MAX MADRID

Daily Point of Light # 2122 Mar 22, 2002

Max Madrid is the Director of Gang Prevention for Community Services Programs (CSP) in Orange County, California. He is totally committed to making a difference for the next generation in his county, and that is evident in his professional and personal life. Madrid faced the challenge of being independent at a young age. Though he had a large extended family, his immediate family all but disappeared and he had to fend for himself. He looked to the United States Navy as his niche for excellence for the next 20 years of his life after his emancipation.

Madrid is flexible, accepting of people’s differences, and has a love of people. These are excellent characteristics for a recruiter in the military. Because of his qualities, he was able to guide young people into their own Naval career. He was there to do whatever the recruits needed in the area of assistance to pass their entrance requirements and become part of the Navy recruit class. Madrid helped to develop young men and women into believers because he believed in them and his heroic commitment of time was never ending.

When Max Madrid came to CSP to work in Gang Prevention, he converted Navy recruitment into prevention for adolescent gang recruitment. His mission was to bring a complete commitment to bettering the conditions and potential of underachieving, at-risk youth in Orange County. He has been involved with CSP for nine years and has been an integral part of their team.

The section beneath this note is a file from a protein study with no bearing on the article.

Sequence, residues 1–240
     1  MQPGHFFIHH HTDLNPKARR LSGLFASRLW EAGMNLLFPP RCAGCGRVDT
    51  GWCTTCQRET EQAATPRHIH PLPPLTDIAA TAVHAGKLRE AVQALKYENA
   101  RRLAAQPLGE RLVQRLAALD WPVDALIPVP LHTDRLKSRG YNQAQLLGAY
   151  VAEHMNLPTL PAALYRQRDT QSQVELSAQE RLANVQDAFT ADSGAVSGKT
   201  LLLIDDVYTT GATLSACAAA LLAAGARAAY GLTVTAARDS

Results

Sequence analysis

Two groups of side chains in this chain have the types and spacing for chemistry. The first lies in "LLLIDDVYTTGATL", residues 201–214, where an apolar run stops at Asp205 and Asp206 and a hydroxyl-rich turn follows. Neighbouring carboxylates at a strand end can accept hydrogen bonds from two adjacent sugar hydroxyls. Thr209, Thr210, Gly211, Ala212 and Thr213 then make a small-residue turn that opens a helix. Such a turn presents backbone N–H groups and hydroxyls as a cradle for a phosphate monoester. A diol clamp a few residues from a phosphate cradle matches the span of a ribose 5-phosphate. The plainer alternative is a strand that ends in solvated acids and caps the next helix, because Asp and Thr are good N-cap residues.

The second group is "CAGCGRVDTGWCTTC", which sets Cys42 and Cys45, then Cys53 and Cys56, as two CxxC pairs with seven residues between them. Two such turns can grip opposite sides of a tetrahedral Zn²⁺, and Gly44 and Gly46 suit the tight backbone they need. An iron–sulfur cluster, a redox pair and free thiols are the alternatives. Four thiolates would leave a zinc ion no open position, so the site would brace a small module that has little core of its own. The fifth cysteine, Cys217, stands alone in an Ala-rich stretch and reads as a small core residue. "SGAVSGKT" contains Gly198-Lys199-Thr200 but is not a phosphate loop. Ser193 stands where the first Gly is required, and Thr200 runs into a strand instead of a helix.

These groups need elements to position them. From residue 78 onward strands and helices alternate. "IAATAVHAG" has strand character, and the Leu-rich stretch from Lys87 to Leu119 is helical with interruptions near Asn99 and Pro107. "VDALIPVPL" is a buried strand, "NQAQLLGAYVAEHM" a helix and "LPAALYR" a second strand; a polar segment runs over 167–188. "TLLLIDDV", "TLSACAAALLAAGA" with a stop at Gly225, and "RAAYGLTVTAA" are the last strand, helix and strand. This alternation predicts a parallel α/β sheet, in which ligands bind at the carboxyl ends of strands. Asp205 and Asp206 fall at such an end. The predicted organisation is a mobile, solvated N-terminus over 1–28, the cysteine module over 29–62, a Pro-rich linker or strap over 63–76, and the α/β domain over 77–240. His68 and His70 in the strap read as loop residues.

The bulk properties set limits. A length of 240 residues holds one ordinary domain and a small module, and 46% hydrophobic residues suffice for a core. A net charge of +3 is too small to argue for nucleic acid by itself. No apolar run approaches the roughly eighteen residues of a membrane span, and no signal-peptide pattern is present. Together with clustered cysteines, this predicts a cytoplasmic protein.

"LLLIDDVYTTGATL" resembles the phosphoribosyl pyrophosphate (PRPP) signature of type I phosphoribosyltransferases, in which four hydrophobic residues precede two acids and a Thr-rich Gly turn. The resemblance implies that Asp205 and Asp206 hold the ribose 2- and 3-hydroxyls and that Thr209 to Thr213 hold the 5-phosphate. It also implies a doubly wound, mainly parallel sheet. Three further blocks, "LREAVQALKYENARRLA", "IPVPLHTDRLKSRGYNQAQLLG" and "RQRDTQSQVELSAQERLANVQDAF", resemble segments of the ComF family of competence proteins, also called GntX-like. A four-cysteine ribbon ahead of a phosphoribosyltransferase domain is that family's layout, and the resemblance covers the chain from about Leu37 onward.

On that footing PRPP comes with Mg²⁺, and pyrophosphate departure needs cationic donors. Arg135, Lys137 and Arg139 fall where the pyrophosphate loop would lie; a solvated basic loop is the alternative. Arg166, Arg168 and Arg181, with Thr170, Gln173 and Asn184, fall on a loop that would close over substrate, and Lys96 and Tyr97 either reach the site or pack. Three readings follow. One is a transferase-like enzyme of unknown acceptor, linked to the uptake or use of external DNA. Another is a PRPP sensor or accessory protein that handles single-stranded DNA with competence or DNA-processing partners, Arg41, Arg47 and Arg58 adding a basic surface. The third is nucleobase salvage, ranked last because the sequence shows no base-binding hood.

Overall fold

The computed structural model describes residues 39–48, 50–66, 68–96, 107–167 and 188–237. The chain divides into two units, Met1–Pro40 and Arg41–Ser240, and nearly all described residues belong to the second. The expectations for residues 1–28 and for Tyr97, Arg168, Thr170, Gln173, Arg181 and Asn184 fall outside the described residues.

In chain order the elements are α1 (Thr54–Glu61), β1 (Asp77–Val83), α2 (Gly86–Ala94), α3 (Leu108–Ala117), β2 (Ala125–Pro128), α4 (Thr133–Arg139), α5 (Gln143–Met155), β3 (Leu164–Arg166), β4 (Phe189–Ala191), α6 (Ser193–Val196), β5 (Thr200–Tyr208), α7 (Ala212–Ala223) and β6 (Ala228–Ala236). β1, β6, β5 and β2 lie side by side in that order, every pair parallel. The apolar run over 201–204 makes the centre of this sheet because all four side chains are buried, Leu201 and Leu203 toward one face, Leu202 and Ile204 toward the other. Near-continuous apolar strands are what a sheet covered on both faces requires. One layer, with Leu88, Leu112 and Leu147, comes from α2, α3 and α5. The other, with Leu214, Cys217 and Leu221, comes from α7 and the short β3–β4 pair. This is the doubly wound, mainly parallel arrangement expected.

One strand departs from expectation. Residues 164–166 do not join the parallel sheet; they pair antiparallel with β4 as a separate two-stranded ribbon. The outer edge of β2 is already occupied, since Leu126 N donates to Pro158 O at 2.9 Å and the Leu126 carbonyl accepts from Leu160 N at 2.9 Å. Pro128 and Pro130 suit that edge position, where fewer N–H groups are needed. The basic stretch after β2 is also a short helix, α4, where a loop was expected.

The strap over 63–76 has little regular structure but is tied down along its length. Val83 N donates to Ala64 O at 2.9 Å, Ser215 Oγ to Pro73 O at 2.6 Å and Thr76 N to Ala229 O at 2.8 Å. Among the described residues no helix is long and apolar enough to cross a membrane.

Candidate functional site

Madrid has coordinated the annual Toys for Tots drive that provides more than 20,000 toys annually to children in the community. At least 15 volunteers participate every year, giving an average of 2,000 hours of service. He has also collaborated with Restaurant Garcia in the “We Give Thanks” dinner where lines of parents and children stretch for two to three blocks on Thanksgiving Day to receive dinner. Max Madrid recruits 50 volunteers who work hard the entire day, but all leave with personal enrichment because they have helped better someone else’s life.

In addition, Madrid developed the Tattoo Removal Program with more than $200,000 of in-kind medical services donated. One young woman sung the praises of this program because having her tattoos removed opened doors of employment for her. She was no longer labeled “at-risk” because of her “clear skin.” Other recipients of the service found it easier because they no longer have to explain tattoos to their small children. Madrid has recruited members from the California State University Spanish Club to volunteer academic tutoring for the past four years. He has also recruited volunteers from Lockheed Martin to tutor failing students, coordinated four workshops for Logan Street youngsters, and coordinated and promoted an annual golf tournament that raises money for gang prevention.

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